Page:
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Eucalypt forest with ferny understorey. Photo Matt Appleby.
Eucalypt forest with ferny understorey. Photo Matt Appleby.

Burrin Burrin

Established:

1999

Area:

411 hectares

Location:

80km east of Canberra

Traditional Owners:

Ngambri, Yuin walbunja muncata and Ngarigo people

In the 1970s environmental activist Richard Sylvan came across a bushland property destined to be cleared and decided to buy and protect it. He called it Burrin Burrin – a little piece of quiet and beauty among the farm land that surrounds it.

Burrin Burrin is mountain country, a place of deep, walled valleys and ferny valley floors.

During daylight hours these valleys echo with the calls of Superb Lyrebirds, while at night they can be filled with the resonant ‘whoo-hoo’ of a Powerful Owl, or ring with the yap of a Sugar Glider in danger.

Eucalyptus forest with a ferny understory at Burrin Burrin. Photo: Wayne Lawler/Ecopix.

Greater Gliders end their flights from tree to tree with such slaps that distinctive echoes reverberate through the forest.

Just like their airborne predator, the Powerful Owl, these gliders are highly dependent on old-growth forest for survival, and spend much of their time foraging for food in the highest parts of the tree canopy.

They also need the deep tree hollow dens only old-growth forests can provide, with a single glider using up to 20 different dens within its home range.

All this is protected thanks to our generous supporters.

A Sugar Glider resident at Burrin Burrin. Photo Wayne Lawler / EcoPix.

What Burrin Burrin Reserve protects

Animals: Greater Glider (endangered nationally), Gang Gang Cockatoo (endangered nationally), Spotted Quail-thrush, Glossy Black-cockatoo (vulnerable nationally), Flame Robin (vulnerable in NSW).

Plants: Cotoneaster pomaderris (Pomaderris cotoneaster), Hairpin Banksia (Banksia spinulosa), Golden Tip (Goodia lotifolia), Climbing Apple Berry (Billardiera mutabilis), Native raspberry (Rubus parvifolius), Prickly Currant Bush (Coprosma quadrifida), Soft tree-fern (Dicksonia antarctica), Yellow box (Eucalyptus melliodora), Thick-lipped Spider-orchid (Caladenia tessellata).

Vegetation communities: Southern Ribbon Gum forest, Swamp Gum forest, Brown Barrel forest, Silvertop forest, Yellow Box grassy woodland (nationally critically endangered).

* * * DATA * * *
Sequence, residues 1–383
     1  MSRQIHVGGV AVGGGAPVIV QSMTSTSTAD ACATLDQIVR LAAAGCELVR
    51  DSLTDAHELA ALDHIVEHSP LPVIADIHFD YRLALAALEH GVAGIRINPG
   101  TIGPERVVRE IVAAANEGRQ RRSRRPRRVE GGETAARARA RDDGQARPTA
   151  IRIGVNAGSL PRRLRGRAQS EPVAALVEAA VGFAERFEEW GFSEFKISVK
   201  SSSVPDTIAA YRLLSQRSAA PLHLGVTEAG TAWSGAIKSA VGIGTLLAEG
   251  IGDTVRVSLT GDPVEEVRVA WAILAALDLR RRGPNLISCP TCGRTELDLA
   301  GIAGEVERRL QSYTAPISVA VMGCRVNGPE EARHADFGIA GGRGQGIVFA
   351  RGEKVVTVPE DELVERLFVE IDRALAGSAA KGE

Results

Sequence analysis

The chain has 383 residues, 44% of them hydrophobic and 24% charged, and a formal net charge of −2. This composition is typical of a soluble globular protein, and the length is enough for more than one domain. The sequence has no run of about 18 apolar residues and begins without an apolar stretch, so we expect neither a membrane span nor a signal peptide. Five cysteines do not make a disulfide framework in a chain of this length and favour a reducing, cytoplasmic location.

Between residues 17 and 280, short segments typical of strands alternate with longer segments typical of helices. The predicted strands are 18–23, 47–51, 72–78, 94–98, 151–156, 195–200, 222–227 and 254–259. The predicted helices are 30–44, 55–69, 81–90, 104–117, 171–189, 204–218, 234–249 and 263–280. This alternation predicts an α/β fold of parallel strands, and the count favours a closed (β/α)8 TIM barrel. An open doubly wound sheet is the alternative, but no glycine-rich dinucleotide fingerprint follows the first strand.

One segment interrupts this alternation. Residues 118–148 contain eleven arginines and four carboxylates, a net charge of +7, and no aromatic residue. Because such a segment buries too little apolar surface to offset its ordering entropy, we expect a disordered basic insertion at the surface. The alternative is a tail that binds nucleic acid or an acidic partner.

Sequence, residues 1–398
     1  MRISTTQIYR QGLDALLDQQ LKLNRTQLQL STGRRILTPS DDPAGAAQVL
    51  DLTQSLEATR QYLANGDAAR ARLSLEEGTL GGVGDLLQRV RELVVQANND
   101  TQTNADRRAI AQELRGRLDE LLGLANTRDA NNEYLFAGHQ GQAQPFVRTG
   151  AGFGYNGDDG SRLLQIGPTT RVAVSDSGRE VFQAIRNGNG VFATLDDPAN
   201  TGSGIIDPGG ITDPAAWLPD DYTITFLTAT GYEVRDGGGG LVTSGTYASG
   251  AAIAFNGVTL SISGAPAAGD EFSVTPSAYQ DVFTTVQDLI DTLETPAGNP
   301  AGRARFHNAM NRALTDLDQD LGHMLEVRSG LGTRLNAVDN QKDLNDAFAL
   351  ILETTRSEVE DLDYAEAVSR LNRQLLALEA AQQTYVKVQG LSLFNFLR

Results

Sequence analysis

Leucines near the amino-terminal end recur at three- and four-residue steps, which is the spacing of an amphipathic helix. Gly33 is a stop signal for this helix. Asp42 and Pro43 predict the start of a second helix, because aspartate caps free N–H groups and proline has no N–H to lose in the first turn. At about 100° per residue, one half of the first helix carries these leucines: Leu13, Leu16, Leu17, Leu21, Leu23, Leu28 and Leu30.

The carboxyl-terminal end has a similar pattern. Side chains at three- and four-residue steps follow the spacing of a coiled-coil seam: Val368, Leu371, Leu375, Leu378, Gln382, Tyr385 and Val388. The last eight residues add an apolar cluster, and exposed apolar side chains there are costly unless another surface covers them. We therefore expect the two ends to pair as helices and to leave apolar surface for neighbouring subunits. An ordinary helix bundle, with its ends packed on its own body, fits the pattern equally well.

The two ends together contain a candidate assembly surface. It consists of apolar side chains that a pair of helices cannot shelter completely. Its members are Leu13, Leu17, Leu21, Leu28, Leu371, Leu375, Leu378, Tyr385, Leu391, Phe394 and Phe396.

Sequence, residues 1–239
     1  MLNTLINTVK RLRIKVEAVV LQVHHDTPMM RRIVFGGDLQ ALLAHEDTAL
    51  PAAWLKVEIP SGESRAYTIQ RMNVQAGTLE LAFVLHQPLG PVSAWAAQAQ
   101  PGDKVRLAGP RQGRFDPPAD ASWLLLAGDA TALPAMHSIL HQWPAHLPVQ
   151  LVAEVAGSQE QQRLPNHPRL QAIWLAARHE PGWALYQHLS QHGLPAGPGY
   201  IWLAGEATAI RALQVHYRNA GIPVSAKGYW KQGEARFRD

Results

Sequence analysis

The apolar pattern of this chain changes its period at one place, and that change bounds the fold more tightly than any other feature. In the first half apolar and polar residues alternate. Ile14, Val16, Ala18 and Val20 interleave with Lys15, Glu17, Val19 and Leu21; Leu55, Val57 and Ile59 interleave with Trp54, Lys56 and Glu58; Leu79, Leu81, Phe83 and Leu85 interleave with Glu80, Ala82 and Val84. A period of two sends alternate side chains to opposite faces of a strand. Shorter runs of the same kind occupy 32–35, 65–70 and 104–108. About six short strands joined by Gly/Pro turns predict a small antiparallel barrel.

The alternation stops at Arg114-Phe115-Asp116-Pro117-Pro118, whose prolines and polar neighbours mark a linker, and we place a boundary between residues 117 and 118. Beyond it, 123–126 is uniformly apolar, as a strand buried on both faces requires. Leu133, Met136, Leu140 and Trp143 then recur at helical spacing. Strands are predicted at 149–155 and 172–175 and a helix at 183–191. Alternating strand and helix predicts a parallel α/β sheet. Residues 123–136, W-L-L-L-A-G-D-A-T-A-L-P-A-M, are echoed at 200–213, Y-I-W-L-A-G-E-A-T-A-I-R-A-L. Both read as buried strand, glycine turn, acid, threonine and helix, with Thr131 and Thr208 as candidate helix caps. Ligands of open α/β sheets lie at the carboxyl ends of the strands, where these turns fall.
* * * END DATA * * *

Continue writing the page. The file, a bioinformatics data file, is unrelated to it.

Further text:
What we’re doing

For a long time Burrin Burrin has been in such good natural condition, little management was needed. We found a pine seedling in there once, the odd thistle, and only one rabbit. It’s never been cleared or farmed so the forest was robust enough to resist invasion by exotic species.

Our monitoring found the reserve to be an important refuge for a number of threatened bird species, including Gang-gang and Glossy Black Cockatoos.

Gang-gang Cockatoo (Callocephalon fimbriatum). Photo Graeme Chapman.

Bushfires

Burrin Burrin was one of our reserves impacted by bushfires in 2019-20. Before this it wouldn’t have seen a fire for 60 years.

Shortly after the fires, rains fell and we saw green sprouts shooting up through burnt soil, Native Cherry trees that managed to evade the fire, Lyrebirds, a Red-necked Wallaby and fresh wombat scat.

The sounds of birds rang through the air. The bush is still singing; wildlife persists, in spite of everything; supported by locals digging in to help the recovery.

Fingers pointed and cameras whirred on one visit when our team spied a Powerful Owl feasting on a Greater Glider while a Wedge-tailed Eagle flew overhead. The group stood wide-eyed as the spectacle unfolded. It was fantastic to get such a good view of the owl, which is the largest in Australasia and classified as vulnerable in NSW.

The Powerful Owl. Photo Peter Saunders.

Learn more about our Conservation Management Process and how we measure our impact or download a full ecological scorecard for the reserve below.

Species at Burrin Burrin

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Stories from Burrin Burrin

Ecological monitoring at Burrin Burrin Reserve, Ngambri, Yuin walbunja muncata and Ngarigo Country, New South Wales. By Tim Clark

BUSHTRACKS 11/01/2024

Burrin Burrin heals

Ecological monitoring at Burrin Burrin Reserve indicates good management and nature’s ability to recover.

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BLOG 11/03/2021

Nest boxes replace lost tree hollows

For the past 10 months I've been leading a project to install a suite of nest boxes at Scottsdale Reserve on Ngunnawal country in southern NSW as part of our ongoing efforts to restore the reserve after bushfire.

Read More

BUSHTRACKS 13/04/2020

The science of recovery

Two months after the North Black Range Fire swept across Bush Heritage’s Burrin Burrin Reserve in NSW, ecologist Dr Matt Appleby assesses the damage and recovery rate.

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BLOG 28/02/2020

Bushfire on-ground assessments

It's been a very busy few weeks here at Bush Heritage. I have been out to our bushfire affected reserves in New South Wales to survey the impact alongside our Senior Leadership team, local reserve staff and ecologists.

Read More

BLOG 31/01/2020

Bushfires update

As we enter a new month, I would like to take a moment to update you on recent developments towards our post-bushfire recovery. The devastation wrought has been confronting. My heart remains with those affected, those still fighting fires and those on the ground beginning the long process of recovery.

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